components. Most services that carry blood
components are helicopter-based. There are a
few published studies, with varying outcomes.
A study of prehospital blood product transfusion in Afghanistan recently presented data that
demonstrated a 20-fold survival benefit when
blood is given within 34 minutes of injury,
recent data from the U.K. suggest prehospital
blood may reduce transfusion requirements.
Although combat data doesn’t always correlate
with civilian medicine, this data may
still present some benefit for EMS.
Trauma is the leading cause of
death for patients under 46 years
old, and uncontrolled hemorrhage
remains the number one cause of preventable death in trauma.
11 Even in
urban areas, the role of blood transfusions is relevant. The time is now for
EMS to embrace blood as the fluid of
choice in trauma resuscitation.
In 2011, an international group of physicians,
blood bankers and researchers formed the
Trauma Hemostasis and Oxygenation Research
(THOR) Network and held the first Remote
Damage Control Resuscitation (RCDR) Symposium in Norway.
This group advocated for the use of whole
blood with one of the co-founders, Geir
Strandenes, developing a low titer group O
whole blood (LTOWB) program for Norwe-
gian Naval Special Operation Commando.
This information was used by the U.S. Army’s
75th Ranger Regiment, in conjunction with
the U.S. Army Institute of Surgical Research
and Armed Services Blood Program (ASBP),
to develop the first LTOWB program that
screened donors before deployment for use
at the POI.
Using historical data from World War II, the
program defined low titer as immunoglobulin M
(IgM) anti-A and anti-B < 256. Volunteers
were tested for transmitted transfusion diseases
(TTDs) and titer tested prior to deployment.
Although the ROLO program was initially
designed to deliver fresh whole blood (FWB),
the chaotic nature of combat makes drawing a
unit of FWB difficult.
To decrease the amount of time it takes to
administer a unit of FWB, the ASBP began
shipping cold-stored LTOWB to Afghanistan
in March 2016, with the first unit being administered in later the same month. The cold-stored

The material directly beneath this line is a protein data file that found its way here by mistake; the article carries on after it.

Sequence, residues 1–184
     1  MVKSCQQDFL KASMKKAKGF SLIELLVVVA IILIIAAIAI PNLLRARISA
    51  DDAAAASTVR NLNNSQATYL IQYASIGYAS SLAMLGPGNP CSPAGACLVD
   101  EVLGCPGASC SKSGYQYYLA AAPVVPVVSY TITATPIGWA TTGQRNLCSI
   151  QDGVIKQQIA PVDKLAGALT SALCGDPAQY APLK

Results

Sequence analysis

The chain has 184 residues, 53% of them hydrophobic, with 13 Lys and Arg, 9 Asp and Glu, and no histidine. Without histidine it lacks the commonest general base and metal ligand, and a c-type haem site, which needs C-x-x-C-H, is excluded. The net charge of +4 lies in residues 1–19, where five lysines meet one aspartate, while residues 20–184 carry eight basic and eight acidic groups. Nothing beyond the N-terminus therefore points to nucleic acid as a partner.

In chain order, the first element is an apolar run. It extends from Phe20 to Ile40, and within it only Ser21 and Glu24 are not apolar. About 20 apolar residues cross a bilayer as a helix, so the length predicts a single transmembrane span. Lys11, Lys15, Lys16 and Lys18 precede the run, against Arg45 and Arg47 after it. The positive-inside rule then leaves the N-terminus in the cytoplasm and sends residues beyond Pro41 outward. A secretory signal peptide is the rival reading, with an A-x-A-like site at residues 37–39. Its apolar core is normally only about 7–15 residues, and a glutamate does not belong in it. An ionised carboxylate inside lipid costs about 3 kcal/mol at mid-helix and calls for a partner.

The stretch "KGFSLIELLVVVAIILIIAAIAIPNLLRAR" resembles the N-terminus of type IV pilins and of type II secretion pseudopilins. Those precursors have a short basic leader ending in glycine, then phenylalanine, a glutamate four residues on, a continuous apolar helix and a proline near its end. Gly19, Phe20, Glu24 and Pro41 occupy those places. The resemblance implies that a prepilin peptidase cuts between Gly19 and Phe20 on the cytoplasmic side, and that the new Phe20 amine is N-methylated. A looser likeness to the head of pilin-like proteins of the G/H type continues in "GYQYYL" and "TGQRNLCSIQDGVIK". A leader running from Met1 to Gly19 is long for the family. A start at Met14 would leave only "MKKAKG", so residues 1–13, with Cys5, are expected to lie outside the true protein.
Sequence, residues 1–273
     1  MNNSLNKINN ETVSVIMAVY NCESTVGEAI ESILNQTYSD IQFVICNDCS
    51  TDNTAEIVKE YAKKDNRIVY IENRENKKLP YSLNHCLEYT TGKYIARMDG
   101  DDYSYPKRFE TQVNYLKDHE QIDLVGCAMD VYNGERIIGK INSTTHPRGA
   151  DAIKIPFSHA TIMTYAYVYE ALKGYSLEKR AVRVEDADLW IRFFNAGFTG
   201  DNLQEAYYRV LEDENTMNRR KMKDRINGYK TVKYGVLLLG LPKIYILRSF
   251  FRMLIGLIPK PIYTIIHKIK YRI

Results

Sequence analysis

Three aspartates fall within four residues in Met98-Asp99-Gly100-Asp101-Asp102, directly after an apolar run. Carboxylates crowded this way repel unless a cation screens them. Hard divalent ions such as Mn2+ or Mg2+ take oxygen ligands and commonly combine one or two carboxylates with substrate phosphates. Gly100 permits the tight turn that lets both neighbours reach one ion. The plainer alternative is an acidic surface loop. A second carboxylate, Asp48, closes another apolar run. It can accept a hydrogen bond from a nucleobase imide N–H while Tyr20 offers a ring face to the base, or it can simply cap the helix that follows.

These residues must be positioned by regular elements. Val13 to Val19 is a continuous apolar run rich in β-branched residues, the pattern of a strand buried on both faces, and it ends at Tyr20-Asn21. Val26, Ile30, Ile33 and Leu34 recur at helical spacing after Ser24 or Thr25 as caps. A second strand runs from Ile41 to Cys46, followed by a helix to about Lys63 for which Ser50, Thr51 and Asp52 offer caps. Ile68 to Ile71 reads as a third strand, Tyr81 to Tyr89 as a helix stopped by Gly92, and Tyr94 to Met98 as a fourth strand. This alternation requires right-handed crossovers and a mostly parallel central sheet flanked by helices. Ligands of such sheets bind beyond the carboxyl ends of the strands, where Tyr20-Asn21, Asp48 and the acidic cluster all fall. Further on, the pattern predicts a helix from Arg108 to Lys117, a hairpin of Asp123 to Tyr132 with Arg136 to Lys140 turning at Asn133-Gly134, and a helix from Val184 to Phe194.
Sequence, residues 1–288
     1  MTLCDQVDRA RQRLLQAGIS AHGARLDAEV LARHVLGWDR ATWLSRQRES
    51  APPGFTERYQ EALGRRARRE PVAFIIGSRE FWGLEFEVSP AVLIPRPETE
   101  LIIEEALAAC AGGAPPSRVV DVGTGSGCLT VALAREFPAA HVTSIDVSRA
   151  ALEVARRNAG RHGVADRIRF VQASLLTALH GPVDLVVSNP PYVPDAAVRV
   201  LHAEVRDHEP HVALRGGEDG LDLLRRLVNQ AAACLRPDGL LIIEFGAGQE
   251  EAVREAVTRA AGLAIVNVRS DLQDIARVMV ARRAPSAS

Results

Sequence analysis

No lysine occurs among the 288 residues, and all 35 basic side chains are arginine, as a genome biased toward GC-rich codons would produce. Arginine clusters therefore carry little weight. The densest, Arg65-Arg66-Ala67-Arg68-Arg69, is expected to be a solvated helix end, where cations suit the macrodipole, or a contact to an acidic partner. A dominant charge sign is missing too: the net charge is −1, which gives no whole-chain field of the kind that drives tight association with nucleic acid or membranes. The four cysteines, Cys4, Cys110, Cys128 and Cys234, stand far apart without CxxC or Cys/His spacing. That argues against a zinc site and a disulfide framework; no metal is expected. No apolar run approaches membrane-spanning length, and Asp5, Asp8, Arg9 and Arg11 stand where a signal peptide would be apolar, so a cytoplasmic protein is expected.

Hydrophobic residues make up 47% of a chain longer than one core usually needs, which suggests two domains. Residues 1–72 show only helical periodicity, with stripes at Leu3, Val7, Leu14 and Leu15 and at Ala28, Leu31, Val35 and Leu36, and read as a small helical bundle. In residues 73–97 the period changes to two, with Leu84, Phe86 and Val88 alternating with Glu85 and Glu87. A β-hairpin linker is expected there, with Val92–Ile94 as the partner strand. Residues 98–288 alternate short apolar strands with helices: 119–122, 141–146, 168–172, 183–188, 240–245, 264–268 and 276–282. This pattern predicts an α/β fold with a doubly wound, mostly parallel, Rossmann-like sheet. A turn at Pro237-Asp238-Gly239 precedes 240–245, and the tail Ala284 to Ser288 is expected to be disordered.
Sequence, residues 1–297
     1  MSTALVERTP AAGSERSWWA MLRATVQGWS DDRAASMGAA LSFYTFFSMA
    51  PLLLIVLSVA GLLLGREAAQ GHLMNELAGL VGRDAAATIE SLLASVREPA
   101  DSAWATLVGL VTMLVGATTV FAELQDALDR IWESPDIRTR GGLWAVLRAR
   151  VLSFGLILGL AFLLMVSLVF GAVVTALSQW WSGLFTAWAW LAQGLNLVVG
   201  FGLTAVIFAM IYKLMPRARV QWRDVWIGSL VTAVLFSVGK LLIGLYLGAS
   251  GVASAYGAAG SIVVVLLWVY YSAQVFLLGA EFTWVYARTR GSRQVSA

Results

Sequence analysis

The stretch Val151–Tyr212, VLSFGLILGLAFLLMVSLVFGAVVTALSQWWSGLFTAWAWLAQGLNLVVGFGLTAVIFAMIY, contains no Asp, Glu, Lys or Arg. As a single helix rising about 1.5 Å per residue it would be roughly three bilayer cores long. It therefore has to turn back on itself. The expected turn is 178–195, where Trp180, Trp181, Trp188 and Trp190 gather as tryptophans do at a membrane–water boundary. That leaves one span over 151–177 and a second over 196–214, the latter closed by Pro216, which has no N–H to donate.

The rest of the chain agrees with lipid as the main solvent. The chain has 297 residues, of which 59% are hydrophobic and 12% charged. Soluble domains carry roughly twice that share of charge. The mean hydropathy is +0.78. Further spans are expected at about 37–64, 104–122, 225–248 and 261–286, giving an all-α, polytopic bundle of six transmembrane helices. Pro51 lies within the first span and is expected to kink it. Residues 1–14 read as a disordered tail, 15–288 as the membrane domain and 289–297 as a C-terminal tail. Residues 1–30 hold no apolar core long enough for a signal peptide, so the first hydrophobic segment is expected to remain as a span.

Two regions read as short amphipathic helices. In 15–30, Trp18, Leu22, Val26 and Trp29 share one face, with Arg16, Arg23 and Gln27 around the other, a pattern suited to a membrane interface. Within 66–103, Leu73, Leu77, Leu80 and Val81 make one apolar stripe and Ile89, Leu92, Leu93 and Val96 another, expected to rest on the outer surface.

LTOWB product is an FDA licensed product,
with an IgM anti-A and anti-B titer of < 150.
There are three options for using LTOWB.
The first option is to draw a unit of FWB from a
prescreened low titer donor at the POI.
This has been shown to be very effective, but it takes a trained responder
8–15 minutes to collect a single unit.
The second option involves collecting whole blood from low titer
donors the day before a mission, keeping it stored at 33. 8–42. 8 degrees F,
then carrying it on the mission in an
The third option is to ship the
FDA-licensed cold-stored LTOWB
to from ASBP Donation Centers to
operational units and combat hospitals in combat theaters. The third option is
the most feasible for civilian EMS providers.
WHY USE WHOLE BLOOD?
There are three reasons why whole blood is
ideal for prehospital use. First, whole blood is
superior to crystalloids and colloids. There’s
very little room to argue that crystalloid and
colloid fluids are appropriate in resuscitation.
The hazards of dilutional coagulopathy and
acidosis are well documented.
Second, whole blood administration is easier than the administration of components. The
administration of whole blood is the simplest
way to deliver the functionality of lost blood
back to the patient.
The Serious Hazards of Transfusion
(SHOT) study from the U.K. looked at the
serious hazards of transfusion and found that
approximately 78% of the incident reports
resulted from human error, despite there being
rules in place to improve practice.
Third, the safety of whole blood transfusions
is similar to component therapy, as T TD testing is completed for both. The U.S. military
has successfully transfused over 10,000 units
of whole blood across the world.
20 The body
of evidence will grow as more civilian agencies initiate their own whole blood programs.
WHOLE VS. COMPONENT
When blood components are made, whole
Table 1: Whole blood vs. components
Hematocrit (Hct) 35–37% 28%
Platelets 138–165 90–120
Normal at baseline,
FVIII ≥ 50% at day 7
All 62% dilution
at baseline, no FVIII
Clotting (TEG) Nearly normal day 21 Reduced vs. WB
PLT aggregation ≥ 50% baseline d7-10 Nearly complete loss d5 in RT-PLT
( 4 liters)
8 bags, one storage mode
( 8 U, 4000 mL)
13 bags, three storage
modes (6:6: 1, 4150 mL)
Adapted from Armand R, Hess JR. Treating coagulopathy in trauma patients. Transfus Med Rev. 2003; 17( 3):
223–231. Table courtesy Col. Andrew P. Cap, MD, PhD/United States Army Institute of Surgical Research
of whole blood is the
simplest way to deliver
the functionality of lost
blood back to the patient.